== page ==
Since the T34/76 needs to get a flank shot to harm the Tiger, manoeuvre and using terrain for concealed approaches are important considerations. If they get onto a Tigers flank to access the rear aspect (basic game) or rear/side aspect (advanced game), they still need to get within point blank range (300 metres) to get a kill. After late 1943 they get a chance of using HVAP ammunition (advanced rules), which they could use successfully out to 1000 metres (10 hexes) from a flank position.
On a final note about penetration, track damage is an important feature of the game, because guns, even without a prospect of penetrating the target, may get lucky and get a ‘track hit’, which broadly means a mobility hit. In the advanced game, once something has fired and the ‘to hit’ table confirms a hit, the next thing that happens is the location of hit is determined. This is a simple D10 roll against a chart that takes target aspect into account, which is how we find out whether the armour at the point of impact can be penetrated. However, a die roll of 10 is always considered a track hit instead. In the photo below, the various aspects of the Tiger's armour is shown.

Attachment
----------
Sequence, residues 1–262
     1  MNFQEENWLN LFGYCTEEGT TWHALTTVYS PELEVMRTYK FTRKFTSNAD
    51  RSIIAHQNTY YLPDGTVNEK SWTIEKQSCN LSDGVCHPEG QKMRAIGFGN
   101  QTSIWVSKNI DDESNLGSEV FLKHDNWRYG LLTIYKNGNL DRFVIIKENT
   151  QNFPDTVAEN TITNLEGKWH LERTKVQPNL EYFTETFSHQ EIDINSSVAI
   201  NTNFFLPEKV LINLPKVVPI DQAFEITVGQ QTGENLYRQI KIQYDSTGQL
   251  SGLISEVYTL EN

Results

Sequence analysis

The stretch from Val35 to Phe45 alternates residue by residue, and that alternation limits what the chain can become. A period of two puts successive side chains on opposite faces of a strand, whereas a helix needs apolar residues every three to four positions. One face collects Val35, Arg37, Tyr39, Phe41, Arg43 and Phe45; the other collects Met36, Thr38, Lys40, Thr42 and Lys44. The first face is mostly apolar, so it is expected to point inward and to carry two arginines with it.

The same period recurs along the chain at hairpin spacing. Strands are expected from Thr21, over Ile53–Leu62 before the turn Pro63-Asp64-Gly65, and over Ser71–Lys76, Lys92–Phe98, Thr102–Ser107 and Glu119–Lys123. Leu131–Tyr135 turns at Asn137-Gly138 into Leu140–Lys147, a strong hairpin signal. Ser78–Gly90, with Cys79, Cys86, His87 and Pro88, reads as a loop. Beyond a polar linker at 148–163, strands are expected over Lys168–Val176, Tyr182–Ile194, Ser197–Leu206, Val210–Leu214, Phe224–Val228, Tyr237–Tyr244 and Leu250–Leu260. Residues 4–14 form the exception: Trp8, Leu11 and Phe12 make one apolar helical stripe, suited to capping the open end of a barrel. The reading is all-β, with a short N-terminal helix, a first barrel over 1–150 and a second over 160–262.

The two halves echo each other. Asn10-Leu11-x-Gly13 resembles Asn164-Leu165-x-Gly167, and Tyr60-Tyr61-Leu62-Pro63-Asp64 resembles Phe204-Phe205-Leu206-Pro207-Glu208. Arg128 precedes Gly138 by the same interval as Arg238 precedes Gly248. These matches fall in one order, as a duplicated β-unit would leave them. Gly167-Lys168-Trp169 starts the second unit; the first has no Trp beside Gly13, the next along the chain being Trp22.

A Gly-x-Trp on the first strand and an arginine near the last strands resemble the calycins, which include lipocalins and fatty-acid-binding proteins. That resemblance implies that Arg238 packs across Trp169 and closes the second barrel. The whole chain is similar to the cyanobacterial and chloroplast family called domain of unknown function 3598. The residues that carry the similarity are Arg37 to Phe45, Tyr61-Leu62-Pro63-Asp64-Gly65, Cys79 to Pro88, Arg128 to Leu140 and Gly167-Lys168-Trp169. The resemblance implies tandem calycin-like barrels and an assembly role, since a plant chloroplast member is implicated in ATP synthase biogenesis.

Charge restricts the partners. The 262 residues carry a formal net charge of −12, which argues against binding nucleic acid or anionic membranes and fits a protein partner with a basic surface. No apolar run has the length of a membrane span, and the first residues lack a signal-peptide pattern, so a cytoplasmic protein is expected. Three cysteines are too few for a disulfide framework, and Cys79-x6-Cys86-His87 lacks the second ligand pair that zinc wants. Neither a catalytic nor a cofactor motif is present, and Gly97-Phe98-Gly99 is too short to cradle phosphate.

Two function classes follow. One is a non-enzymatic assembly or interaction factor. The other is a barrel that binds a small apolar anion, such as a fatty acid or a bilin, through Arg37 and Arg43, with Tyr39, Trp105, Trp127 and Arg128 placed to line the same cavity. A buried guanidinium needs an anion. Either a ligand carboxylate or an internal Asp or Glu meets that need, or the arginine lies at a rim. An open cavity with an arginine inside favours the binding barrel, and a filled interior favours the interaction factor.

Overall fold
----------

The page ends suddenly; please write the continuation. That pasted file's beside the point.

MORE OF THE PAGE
A track hit means that the vehicle cannot pivot or move for the rest of the scenario, it also means that the attack calculation ends immediately, because the result is a track hit and nothing else. A track hit has nothing to do with ‘damage to the vehicle’ or damage markers. Essentially since we have a 10% chance of getting this result on the hit location table, it is simple to see the overall chance of something like the T-34 (stationary) disabling a Tiger in this way.